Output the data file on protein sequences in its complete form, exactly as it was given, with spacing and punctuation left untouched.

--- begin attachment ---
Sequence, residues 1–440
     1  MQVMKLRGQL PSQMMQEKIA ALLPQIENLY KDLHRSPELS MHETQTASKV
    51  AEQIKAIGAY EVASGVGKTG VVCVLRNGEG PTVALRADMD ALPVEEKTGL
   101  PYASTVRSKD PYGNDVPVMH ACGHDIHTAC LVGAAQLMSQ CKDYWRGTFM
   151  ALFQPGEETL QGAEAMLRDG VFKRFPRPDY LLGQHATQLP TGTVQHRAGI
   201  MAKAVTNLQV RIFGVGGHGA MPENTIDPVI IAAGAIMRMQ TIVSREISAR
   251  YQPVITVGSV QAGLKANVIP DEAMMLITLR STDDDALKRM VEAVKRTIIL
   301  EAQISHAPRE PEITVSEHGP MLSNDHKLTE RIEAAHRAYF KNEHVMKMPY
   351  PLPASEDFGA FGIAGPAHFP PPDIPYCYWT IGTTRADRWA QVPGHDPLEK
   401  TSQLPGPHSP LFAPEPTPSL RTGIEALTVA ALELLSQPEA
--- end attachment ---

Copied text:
Sequence, residues 1–440
     1  MQVMKLRGQL PSQMMQEKIA ALLPQIENLY KDLHRSPELS MHETQTASKV
    51  AEQIKAIGAY EVASGVGKTG VVCVLRNGEG PTVALRADMD ALPVEEKTGL
   101  PYASTVRSKD PYGNDVPVMH ACGHDIHTAC LVGAAQLMSQ CKDYWRGTFM
   151  ALFQPGEETL QGAEAMLRDG VFKRFPRPDY LLGQHATQLP TGTVQHRAGI
   201  MAKAVTNLQV RIFGVGGHGA MPENTIDPVI IAAGAIMRMQ TIVSREISAR
   251  YQPVITVGSV QAGLKANVIP DEAMMLITLR STDDDALKRM VEAVKRTIIL
   301  EAQISHAPRE PEITVSEHGP MLSNDHKLTE RIEAAHRAYF KNEHVMKMPY
   351  PLPASEDFGA FGIAGPAHFP PPDIPYCYWT IGTTRADRWA QVPGHDPLEK
   401  TSQLPGPHSP LFAPEPTPSL RTGIEALTVA ALELLSQPEA